Instead of using force to get a child to daven, try using pleasant persuasion and being an example for him. Tell him how wonderful it is to open your heart and talk to Hashem, to tell Him all your problems, and to ask for His help. When you daven together with him, be careful to concentrate on your davening, and do not indulge in conversation or any other distractions. When he sees how careful you are to daven correctly, and how you truly enjoy your davening, he will be more likely to want to daven correctly.
When you come home after work, be careful to set aside time for learning Torah. If your child sees that you never open a sefer, it will be very hard to convince him that learning Torah is so important. If you can find time to learn together with him, that is the most effective educational tool. He will see how you enjoy learning, and you can give him the feeling that he knows how to learn, and thus can give him great encouragement.
Shabbos is a good time to learn Torah with your children. Even if you are very busy the whole week, on Shabbos you cannot work, and thus there is time to review with your children what they have learned in school or in the yeshivah. When the child knows that his father will test him every Shabbos, this causes him to learn better, since he does not wish to disappoint his father. You can even give him prizes if he learns well, but do not make the prizes the main focus of the learning.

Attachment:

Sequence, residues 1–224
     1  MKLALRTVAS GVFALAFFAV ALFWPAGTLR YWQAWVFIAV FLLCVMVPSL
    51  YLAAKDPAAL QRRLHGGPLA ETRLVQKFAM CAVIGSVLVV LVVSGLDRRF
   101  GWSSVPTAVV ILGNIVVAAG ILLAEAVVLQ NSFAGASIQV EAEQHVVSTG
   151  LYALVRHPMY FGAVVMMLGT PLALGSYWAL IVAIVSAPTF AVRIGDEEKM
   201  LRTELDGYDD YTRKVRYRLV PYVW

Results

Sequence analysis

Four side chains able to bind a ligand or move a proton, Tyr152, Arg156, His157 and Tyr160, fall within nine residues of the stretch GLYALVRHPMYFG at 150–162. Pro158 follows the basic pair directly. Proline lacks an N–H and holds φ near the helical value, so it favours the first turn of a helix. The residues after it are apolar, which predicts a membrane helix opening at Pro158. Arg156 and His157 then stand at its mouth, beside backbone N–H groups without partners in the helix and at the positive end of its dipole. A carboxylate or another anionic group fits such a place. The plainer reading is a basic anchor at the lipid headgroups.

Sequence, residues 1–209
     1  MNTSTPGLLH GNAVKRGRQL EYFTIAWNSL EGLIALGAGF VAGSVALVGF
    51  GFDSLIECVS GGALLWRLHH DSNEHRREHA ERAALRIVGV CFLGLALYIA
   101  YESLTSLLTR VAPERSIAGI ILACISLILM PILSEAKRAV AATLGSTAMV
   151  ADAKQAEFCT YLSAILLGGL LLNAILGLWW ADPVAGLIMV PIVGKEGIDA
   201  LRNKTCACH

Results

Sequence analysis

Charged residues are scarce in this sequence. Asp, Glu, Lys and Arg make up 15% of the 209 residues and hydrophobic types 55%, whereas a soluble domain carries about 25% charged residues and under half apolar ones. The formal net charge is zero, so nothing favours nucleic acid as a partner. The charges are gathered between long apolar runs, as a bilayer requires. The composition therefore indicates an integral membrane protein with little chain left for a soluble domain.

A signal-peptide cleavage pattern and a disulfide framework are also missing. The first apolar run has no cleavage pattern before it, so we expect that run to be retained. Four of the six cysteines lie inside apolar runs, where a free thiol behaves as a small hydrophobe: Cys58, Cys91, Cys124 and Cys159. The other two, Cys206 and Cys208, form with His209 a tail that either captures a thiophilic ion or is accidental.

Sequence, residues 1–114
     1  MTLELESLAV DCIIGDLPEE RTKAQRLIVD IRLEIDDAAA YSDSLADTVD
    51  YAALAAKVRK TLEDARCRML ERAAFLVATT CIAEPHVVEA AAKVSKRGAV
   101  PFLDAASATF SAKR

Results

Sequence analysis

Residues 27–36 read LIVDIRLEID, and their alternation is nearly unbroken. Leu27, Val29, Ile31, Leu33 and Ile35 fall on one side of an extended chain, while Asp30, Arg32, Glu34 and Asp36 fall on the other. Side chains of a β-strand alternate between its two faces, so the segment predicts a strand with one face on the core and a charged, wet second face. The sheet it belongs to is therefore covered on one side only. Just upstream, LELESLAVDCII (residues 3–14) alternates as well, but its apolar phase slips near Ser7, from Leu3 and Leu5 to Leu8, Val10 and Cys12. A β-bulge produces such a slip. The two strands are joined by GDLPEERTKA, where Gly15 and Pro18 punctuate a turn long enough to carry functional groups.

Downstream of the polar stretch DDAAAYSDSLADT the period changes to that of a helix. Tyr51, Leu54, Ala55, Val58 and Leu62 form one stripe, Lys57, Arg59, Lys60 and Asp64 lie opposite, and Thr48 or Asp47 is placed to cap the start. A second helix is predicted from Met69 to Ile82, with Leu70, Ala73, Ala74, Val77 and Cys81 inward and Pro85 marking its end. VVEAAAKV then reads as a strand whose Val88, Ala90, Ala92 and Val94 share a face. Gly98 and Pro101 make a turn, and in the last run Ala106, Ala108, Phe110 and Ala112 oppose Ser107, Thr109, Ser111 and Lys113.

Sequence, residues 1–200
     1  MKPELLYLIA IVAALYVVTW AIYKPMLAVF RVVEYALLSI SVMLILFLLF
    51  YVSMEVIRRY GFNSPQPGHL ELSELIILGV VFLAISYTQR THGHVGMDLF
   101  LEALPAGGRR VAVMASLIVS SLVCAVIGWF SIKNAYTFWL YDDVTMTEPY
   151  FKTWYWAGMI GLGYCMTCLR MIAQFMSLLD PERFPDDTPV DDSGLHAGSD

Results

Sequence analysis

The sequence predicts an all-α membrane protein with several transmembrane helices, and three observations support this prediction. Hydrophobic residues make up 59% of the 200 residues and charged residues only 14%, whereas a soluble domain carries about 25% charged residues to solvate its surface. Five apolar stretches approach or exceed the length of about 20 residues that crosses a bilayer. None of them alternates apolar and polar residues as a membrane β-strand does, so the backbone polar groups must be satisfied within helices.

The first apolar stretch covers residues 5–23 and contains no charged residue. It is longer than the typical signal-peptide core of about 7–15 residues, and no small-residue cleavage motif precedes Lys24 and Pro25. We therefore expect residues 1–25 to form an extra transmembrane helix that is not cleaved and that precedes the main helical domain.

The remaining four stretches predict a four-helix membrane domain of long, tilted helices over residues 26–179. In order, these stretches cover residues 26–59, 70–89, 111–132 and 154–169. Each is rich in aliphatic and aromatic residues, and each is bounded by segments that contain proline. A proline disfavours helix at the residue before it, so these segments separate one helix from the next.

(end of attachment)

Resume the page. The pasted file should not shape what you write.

You should always be in contact with your child's teachers. Unfortunately, some parents do not even come to the special evenings set aside for parents to meet the teachers. When a child sees that his parents do not care enough to ask his teacher how well he learns, he has no incentive to do well in class. The teacher also loses interest in the child, since he sees that even his parents do not care about him, so why should his teacher care?